Yesterday, a study was published in Science that showed that populations of large carnivores are flourishing in Europe, even in areas inhabited by people. This study wasn’t news to me, because there is already quite a bit of literature showing that large carnivore populations are growing in Europe, discussing how to regulate them and how to predict population growth and habitat use. But what was novel to me: It was the first media message that I have seen in the U.S. that told a different story than the conflict between people and large carnivores.
Even stories covering the carnivore situation in Europe previously presented it as a conflict, ignoring the fact that Europe and many countries therein have been proactive in preventing such inflammatory interactions. As the Science paper notes, livestock owners are compensated if any animals are killed by a carnivore, and government incentives for establishing preventive measures to protect livestock, such as trained guardian dogs and fencing, are in place. Wolves in Europe are taking up residence in habitats as varied as garbage dumps and remote woodlands, adapting to the circumstances at hand. As Michelle Nijhuis said in her report in The New Yorker, the U.S. could learn something from Europe, which has more than double the number of wolves and is more than twice as densely populated (according to the new Science study).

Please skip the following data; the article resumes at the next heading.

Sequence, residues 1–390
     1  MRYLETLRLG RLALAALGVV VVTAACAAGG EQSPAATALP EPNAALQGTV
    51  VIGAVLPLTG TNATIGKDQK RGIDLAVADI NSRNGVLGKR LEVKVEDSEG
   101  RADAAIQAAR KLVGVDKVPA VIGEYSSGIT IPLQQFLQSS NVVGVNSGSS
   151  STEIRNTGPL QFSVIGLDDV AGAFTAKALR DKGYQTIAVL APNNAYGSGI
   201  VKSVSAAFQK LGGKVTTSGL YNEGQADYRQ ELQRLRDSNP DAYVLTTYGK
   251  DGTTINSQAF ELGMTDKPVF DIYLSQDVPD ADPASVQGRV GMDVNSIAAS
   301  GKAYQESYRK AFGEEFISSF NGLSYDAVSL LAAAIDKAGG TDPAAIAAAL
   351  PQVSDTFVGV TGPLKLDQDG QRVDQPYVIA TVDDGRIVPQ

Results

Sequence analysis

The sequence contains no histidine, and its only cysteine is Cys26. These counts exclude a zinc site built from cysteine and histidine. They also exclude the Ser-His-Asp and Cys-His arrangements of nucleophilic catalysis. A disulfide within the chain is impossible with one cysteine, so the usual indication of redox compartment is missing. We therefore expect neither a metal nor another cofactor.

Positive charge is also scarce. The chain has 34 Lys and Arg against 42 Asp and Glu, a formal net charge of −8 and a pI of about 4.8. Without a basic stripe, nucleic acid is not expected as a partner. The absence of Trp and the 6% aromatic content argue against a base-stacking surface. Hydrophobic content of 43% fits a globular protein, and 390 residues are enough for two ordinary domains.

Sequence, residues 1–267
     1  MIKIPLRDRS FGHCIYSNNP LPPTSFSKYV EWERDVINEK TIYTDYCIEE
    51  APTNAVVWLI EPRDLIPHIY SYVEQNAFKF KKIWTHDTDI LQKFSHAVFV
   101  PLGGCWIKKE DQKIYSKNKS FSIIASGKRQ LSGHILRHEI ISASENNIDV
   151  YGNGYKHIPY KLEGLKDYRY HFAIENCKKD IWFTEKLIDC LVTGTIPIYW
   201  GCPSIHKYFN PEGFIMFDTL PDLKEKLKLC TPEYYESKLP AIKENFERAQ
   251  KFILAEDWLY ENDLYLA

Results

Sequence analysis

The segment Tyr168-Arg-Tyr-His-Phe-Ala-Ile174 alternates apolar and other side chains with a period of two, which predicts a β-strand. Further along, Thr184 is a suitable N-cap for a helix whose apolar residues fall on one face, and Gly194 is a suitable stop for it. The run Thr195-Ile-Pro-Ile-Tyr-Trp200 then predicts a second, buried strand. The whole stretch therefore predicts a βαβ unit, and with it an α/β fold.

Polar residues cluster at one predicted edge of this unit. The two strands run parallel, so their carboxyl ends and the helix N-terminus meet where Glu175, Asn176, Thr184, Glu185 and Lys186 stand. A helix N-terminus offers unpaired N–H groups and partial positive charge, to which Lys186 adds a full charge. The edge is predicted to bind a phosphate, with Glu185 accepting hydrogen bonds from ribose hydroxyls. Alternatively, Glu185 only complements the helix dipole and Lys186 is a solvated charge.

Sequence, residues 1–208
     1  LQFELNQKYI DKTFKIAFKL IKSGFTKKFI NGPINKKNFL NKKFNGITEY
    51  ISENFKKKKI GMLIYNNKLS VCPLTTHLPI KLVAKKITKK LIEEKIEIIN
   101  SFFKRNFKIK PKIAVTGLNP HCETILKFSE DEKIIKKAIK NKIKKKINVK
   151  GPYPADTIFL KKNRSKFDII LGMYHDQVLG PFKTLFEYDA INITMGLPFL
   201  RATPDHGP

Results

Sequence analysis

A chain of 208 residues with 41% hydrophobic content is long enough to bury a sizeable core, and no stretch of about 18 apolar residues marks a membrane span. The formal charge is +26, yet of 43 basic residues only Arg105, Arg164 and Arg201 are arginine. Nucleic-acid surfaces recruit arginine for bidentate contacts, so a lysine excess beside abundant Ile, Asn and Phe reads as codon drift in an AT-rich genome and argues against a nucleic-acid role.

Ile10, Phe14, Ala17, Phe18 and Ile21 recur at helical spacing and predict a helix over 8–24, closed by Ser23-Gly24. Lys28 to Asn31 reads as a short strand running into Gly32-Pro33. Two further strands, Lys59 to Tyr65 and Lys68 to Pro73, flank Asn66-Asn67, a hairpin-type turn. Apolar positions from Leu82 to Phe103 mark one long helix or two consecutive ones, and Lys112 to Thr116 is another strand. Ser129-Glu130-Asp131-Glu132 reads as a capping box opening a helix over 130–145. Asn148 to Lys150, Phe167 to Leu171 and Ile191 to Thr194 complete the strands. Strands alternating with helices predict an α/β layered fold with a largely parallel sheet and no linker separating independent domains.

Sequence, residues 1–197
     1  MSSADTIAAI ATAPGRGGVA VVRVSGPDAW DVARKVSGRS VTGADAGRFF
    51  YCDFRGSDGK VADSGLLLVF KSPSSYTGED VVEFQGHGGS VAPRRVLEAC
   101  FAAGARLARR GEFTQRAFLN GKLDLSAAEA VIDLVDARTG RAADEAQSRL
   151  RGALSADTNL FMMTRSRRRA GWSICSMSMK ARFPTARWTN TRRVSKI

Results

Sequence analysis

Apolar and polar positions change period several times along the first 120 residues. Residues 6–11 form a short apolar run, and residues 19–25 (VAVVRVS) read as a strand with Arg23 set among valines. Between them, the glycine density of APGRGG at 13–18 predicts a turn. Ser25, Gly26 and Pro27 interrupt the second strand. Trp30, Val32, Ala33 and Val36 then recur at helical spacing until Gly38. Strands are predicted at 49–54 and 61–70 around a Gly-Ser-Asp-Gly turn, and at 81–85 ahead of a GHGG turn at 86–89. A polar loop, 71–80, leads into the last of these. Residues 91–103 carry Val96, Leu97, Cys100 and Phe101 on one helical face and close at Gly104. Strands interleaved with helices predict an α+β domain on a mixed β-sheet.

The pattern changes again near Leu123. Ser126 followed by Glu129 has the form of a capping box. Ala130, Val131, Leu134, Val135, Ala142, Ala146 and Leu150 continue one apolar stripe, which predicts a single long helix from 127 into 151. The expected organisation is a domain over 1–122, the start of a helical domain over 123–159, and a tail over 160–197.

What’s amazing is that humans and carnivores are living alongside one another quite successfully–so much so that people often don’t realize the predators are around. In the US, urban coyotes are residents in quite populated areas. In Durham, where I live, the coyote population is established and growing, but seeing or even hearing one is pretty rare. I’ve set out to do so, though: I have enrolled in the NC Museum of Natural Sciences’s eMammal project to camera trap wildlife in my neighborhood and its parks.